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AUSBROOK: When politics override accountability
Election-year sensitivities may have triggered the Benghazi cover-up
Question of the Day
When the U.S. government fails to protect its citizens, we must determine why. Such failures can erode public faith in the government's abilities and diminish public trust in its leaders. President Franklin D. Roosevelt appointed Supreme Court Justice Owen Roberts to examine the attacks on Pearl Harbor. The 9/11 Commission reviewed the attacks on the United States on Sept. 11, 2001. Congress produced two reports on Hurricane Katrina, and the White House produced a lessons-learned report. These reports reflect a healthy self-examination, and their public nature is intended to restore trust and promote improvement.
With respect to the Benghazi attacks, the State Department's Accountability Review Board report to then-Secretary of State Hillary Rodham Clinton and ongoing congressional investigations looking into the Benghazi attack provide important insights into the government's failures. The staggering number and scope of the findings and recommendations suggests more than an isolated security breakdown. They suggest a collapse of policy, operations and decision-making. Such a collapse, in stark contradiction to election-year claims, could explain why State Department and White House officials felt the need to falsify talking points and deceive the American people about events in Benghazi.
Now that it is beyond doubt that Susan Rice's talking points were not only inaccurate but falsified, the most important remaining question is why? What were the talking points trying to cover up? Could it really be that senior leadership in the State Department was worried about being criticized by Congress? State Department emails suggest as much, but only insofar as the agency ignored warnings about these attacks. Still, Congress criticizes agencies all the time. Indeed, congressional oversight, by its nature, casts a critical eye on agency activity.
The failure to heed threat warnings — warnings that emails acknowledge were known to "senior officials" at least in the days immediately after the attack — could have been an embarrassing management mistake, or worse, much worse. It could have been the direct result of a failure to appreciate the strategic threat from al Qaeda and its affiliates — in this case, al Qaeda in the Islamic Magreb — and to align and coordinate our intelligence, military and diplomatic resources to meet this strategic threat. During the election season, that could have been perceived as a serious political problem, not just routine criticism.
Even more troubling, testimony at Wednesday's hearing before the House Oversight and Government Reform Committee suggests that this was not a failure of policy, but this was policy. Deputy Chief of Mission Gregory H. Hicks told a rapt audience that military personnel available to be sent from Tripoli to Benghazi were not authorized to join the fight. State Department counterterrorism official Mark Thompson testified that the State Department (without ever consulting him) did not advocate to the Deputies Committee sending a Foreign Emergency Support Team that both he and the FBI thought could have been made available and had an impact.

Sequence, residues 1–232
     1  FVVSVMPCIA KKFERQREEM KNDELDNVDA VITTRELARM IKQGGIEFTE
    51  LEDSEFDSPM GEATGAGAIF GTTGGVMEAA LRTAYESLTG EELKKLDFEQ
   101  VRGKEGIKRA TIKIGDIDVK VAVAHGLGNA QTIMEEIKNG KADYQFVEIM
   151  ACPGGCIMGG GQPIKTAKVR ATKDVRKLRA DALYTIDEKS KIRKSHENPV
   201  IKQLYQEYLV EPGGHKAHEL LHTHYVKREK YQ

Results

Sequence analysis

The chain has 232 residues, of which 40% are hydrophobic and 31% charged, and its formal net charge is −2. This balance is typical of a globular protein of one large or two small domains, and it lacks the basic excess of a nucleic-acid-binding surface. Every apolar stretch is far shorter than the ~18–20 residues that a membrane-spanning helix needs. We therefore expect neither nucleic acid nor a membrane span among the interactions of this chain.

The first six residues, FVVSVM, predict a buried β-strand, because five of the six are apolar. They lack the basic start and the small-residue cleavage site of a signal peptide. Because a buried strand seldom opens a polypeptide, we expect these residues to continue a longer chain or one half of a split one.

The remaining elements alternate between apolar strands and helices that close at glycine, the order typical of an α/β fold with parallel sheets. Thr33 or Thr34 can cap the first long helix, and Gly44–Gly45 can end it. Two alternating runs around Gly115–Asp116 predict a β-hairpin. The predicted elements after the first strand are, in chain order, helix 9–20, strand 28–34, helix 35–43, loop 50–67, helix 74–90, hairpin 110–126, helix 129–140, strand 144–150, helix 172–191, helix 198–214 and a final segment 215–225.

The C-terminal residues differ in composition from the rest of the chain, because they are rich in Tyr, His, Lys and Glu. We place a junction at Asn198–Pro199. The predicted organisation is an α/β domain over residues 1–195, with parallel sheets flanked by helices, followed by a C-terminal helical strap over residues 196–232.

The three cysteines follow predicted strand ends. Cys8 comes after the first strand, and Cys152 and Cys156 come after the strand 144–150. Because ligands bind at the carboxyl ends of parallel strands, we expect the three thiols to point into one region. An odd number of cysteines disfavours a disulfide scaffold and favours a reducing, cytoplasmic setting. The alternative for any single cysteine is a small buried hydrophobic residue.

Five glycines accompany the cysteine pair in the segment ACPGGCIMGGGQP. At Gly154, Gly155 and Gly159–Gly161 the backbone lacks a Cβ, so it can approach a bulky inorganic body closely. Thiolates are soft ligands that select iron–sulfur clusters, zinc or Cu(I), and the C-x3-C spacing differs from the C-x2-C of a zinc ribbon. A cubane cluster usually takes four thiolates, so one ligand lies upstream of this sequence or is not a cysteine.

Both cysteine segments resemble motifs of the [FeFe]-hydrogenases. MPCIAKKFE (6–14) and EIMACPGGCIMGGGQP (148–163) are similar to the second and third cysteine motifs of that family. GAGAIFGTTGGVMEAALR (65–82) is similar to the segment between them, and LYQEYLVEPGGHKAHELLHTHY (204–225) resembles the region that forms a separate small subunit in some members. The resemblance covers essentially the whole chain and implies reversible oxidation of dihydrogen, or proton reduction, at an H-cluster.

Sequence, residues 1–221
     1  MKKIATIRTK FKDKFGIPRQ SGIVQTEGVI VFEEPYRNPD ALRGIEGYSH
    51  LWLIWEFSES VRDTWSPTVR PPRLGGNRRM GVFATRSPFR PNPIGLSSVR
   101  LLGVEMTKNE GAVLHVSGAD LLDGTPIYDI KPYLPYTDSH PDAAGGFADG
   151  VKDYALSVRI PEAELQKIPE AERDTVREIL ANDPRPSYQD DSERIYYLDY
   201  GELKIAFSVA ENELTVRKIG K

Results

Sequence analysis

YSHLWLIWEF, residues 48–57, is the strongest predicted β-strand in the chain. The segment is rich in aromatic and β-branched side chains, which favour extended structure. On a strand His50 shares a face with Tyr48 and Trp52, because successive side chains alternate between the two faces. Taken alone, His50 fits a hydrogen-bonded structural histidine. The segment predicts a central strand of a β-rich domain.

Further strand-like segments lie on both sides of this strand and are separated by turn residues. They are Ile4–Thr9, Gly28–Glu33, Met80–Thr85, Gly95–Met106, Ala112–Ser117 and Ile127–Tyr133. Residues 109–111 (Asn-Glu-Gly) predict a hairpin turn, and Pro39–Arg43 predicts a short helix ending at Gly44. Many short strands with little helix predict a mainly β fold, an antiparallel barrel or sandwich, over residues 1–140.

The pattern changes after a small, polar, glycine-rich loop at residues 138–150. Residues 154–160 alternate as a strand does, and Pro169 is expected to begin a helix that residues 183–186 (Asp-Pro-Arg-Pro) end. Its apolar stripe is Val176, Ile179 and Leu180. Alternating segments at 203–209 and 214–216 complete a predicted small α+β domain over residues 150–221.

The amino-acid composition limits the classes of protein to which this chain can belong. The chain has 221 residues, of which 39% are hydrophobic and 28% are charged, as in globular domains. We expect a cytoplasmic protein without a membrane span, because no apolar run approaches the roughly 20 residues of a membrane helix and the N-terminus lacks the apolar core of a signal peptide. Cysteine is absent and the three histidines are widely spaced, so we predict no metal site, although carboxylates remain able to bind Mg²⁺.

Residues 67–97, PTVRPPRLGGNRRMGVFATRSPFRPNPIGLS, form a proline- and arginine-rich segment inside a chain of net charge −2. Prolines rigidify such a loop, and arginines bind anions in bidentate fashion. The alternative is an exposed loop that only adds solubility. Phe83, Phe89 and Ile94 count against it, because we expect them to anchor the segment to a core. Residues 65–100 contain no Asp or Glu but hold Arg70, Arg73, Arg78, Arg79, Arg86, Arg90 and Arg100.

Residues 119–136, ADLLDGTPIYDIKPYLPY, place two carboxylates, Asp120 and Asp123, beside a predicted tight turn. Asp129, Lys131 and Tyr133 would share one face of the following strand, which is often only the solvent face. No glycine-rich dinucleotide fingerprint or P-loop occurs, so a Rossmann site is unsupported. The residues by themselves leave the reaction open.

While the Accountability Review Board recommendations are presented largely as management reforms, it seems as much an admonition to remember the obvious point that projecting American influence abroad must include the use of force to defend our missions. Secretary of State Hillary Rodham Clinton wrote in her board transmittal letter to Congress that "the decimation of al Qaeda's central leadership in Afghanistan and Pakistan has led to growing ambitions among the terror network's far-flung affiliates, including [al Qaeda in the Islamic Magreb]. These are not new concerns. They have been a top priority of our national security team."
If this was a top priority, it certainly did not look like it. This one board review revealed that the administration needed to make significant improvements to meet this threat. Along with 29 recommendations from the board, here is just a sample of new actions initiated by the State Department:
Requesting that Department of Defense deploy personnel to serve on five Interagency Security Assessment Teams for high-threat posts.
Taking a "harder look" at the capabilities of host countries.
Partnering with the Pentagon to dispatch hundreds of Marine security guards to bolster post security.
Realigning resources in the 2013 budget request to address physical vulnerabilities.
Hiring additional diplomatic security personnel.
Strengthening mutual security arrangements between the State Department and other government agencies in places where they are not co-located.
Like the responses to other government reports and recommendations for remedial action following a crisis, these actions will go some distance toward aligning our assets with our mission. That should address concerns over the government's ability to protect us. How about public trust? The election is over. The question is whether, by falsifying the talking points to cover this up during the campaign season, these remedial steps alone can restore the trust government needs to be successful.
J. Keith Ausbrook served as chief counsel for the House Oversight and Government Reform Committee, special counsel to a House select committee on Hurricane Katrina, and as executive secretary for the Homeland Security Council in the administration of President George W. Bush.
By Michael P. Orsi
Edward Snowden should declare his patriotism in court
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